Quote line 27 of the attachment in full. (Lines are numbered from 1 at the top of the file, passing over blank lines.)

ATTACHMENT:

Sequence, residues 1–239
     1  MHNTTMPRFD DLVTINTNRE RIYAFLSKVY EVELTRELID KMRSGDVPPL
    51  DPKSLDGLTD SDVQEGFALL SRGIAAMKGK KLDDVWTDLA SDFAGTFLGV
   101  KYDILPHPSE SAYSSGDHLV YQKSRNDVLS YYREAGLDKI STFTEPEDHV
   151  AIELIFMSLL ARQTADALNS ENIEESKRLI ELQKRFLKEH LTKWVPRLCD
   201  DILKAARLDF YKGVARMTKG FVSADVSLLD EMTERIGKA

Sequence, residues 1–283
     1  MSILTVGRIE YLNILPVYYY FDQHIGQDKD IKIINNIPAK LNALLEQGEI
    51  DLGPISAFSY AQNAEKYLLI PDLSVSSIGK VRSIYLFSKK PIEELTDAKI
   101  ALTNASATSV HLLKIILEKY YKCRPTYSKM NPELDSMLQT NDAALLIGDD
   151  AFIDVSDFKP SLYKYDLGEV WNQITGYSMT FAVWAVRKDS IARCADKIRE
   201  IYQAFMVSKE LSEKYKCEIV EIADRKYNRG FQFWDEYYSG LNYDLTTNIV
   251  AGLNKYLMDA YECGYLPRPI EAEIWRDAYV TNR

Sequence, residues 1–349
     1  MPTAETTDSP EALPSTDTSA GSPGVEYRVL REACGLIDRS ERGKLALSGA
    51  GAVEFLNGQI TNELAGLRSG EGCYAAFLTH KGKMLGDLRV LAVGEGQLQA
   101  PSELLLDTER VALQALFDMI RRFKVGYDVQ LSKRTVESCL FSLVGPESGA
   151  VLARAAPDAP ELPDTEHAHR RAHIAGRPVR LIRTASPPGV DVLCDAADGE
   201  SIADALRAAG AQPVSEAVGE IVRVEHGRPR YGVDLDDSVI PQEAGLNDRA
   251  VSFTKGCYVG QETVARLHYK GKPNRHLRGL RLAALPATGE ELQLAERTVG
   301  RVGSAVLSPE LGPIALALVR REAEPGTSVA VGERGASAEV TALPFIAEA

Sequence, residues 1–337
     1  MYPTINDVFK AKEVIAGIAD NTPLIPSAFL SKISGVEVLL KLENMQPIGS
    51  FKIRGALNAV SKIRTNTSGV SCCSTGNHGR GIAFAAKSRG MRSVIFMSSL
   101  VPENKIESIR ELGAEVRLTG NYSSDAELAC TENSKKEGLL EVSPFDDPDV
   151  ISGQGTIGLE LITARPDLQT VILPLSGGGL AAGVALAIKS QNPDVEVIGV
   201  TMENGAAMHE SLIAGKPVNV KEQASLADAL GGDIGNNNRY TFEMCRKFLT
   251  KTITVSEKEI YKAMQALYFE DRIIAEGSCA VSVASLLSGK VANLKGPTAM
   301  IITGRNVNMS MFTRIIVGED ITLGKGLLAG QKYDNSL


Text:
   201  TMENGAAMHE SLIAGKPVNV KEQASLADAL GGDIGNNNRY TFEMCRKFLT